Raising the abstraction level

   From: Marius Vollmer <mvo@zagadka.ping.de>
   Date: 10 Apr 1998 23:40:17 +0200

   The ref counting stuff is in fact intended to raise the abstraction
   level.  It gives you an abstraction to do proper resource management.

Reference counting is an ad hoc surrogate for garbage collection.
Granted, unified refcounting throughout a lib or program is better than
nothing, but the programmer still has to remember to type xx_ref or
xx_unref.  And when a programmer must be bored with such details, the
abstraction level has not been raised enough.

   The 12 functions aren't different.

I can not invoke just any of the xx_ref functions if I want to ref a
certain object.  That makes them different.  The healthy exception to this
rule is that I can use gtk_object_ref for any widget, even though there
exists a gtk_widget_ref.  The gtk_widget_ref however does not offer any
extra functionality, and should be deleted.

   They all do the same thing, albeit for different types.  There are not
   12 different reference counting schemes in place.

Can you tell the difference?  If I would devise 11 (skip gtk_widget_ref)
different reference counting schemes, and use each one of them for each of
the existing xx_ref and xx_unref functions, nothing would change in the
use of these functions.  So, we might as well have 11 different schemes!
Doesn't sound like good design to do conceptually identical things in 11
different ways within the same library.  And it is plain pitty in a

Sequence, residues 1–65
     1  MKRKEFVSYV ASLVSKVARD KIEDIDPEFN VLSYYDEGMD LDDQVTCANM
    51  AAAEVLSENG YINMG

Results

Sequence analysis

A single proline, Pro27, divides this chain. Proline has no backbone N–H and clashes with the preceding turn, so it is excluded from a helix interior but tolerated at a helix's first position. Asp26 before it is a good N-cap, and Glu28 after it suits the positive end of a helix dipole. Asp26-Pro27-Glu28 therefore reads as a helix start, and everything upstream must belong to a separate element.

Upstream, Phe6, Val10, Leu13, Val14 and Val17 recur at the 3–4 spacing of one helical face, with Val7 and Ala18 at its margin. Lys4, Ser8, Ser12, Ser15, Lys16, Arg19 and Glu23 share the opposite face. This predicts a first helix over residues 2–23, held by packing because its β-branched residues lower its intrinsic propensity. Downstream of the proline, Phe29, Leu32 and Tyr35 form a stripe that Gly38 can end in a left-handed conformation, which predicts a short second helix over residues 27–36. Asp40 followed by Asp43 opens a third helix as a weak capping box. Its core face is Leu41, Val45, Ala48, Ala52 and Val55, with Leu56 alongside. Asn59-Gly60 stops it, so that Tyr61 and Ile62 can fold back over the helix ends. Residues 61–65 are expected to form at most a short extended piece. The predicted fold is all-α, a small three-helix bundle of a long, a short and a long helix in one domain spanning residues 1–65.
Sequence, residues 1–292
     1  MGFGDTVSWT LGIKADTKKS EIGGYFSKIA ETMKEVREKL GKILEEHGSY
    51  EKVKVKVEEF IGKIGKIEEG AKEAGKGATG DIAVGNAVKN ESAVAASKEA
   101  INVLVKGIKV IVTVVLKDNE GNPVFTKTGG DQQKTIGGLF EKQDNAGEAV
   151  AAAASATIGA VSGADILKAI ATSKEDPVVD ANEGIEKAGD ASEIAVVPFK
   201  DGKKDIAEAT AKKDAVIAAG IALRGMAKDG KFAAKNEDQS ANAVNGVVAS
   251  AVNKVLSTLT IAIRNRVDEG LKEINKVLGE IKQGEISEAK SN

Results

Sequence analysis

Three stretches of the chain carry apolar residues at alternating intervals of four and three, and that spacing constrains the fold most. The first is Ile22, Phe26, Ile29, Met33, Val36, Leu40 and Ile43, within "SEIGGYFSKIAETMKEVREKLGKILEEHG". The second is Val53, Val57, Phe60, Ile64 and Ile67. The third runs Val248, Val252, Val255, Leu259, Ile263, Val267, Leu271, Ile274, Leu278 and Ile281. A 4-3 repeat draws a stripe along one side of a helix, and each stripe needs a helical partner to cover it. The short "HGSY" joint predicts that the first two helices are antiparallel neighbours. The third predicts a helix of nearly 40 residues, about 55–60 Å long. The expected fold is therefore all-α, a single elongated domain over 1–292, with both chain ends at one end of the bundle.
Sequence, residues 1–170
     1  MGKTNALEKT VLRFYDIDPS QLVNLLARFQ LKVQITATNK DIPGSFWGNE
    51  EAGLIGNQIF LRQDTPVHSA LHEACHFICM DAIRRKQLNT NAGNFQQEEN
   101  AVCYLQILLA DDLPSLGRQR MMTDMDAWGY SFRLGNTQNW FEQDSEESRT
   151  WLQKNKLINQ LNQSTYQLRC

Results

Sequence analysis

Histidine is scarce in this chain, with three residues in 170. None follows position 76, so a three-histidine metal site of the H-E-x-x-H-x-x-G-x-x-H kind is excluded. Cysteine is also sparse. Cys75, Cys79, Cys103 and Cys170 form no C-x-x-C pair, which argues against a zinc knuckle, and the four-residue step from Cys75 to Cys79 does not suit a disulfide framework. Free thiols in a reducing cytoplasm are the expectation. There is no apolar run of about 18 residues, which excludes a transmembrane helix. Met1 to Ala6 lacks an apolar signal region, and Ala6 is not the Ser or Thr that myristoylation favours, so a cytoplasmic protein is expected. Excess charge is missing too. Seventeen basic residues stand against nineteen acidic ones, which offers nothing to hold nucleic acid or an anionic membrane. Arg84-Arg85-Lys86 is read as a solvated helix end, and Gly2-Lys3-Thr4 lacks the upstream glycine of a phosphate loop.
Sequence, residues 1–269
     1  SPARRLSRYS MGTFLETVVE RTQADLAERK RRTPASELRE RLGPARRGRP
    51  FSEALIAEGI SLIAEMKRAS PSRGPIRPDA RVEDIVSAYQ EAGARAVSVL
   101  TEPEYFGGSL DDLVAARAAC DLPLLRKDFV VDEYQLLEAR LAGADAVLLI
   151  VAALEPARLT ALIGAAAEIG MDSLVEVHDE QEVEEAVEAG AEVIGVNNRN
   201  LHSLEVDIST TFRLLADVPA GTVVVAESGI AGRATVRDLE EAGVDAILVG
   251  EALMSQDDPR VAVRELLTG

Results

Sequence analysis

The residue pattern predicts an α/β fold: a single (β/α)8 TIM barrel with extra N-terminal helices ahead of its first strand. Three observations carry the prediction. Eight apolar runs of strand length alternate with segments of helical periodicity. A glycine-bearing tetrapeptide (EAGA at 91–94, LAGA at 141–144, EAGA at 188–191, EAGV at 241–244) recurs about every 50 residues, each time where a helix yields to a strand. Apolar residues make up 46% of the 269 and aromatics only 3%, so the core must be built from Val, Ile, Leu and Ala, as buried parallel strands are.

library like Gtk that does so many things so correct.

   It's just one, but you have to remember that you have to use
   gtk_font_ref for GdkFonts and gdk_pixmap_ref for GdkPixmaps, for

This is not a good example of a high level of abstraction: I have to type
something different for each different type of object, even though all I
want is `reference the object'.

   This is because it is a C API to Gtk+.

That is no excuse, especially in a library that does a lot of things quite
good for GtkObject and its `subclasses'.  If there was a GdkObject that
was `inherited' by all structures, and the first field was a `klass', and
the second one a `ref_count', this whole issue with 11 refcounting API's
would not exist.

   I'm sure other language bindings do it differently.

They can't.  They must invoke the proper underlying functions.  Or is
there something underlying the C interface to Gtk that I previously wasn't
aware of :-)

   Gtk-- probably has unified access to reference counting by using C++'s
   overloading features.

I haven't looked at Gtk--, but your assumption is only true if all wrapper
classes inherit from some base class for which the xx_ref and xx_unref
methods are declared as virtual member functions.  Since, in that case it
truely does not matter what the actual type of some object is when you
invoke the xx_ref method: the right function will be invoked.  Without
this virtual function (in this base class), you're stuck at where we
begun: if we think we have a pointer to a GtkObject, but it actually is a
GtkWidget, when we invoke the ref function through the pointer, the wrong
function will be invoked.  This means we still have to worry about types.
So much for raising the level of abstraction.  --Tiggr

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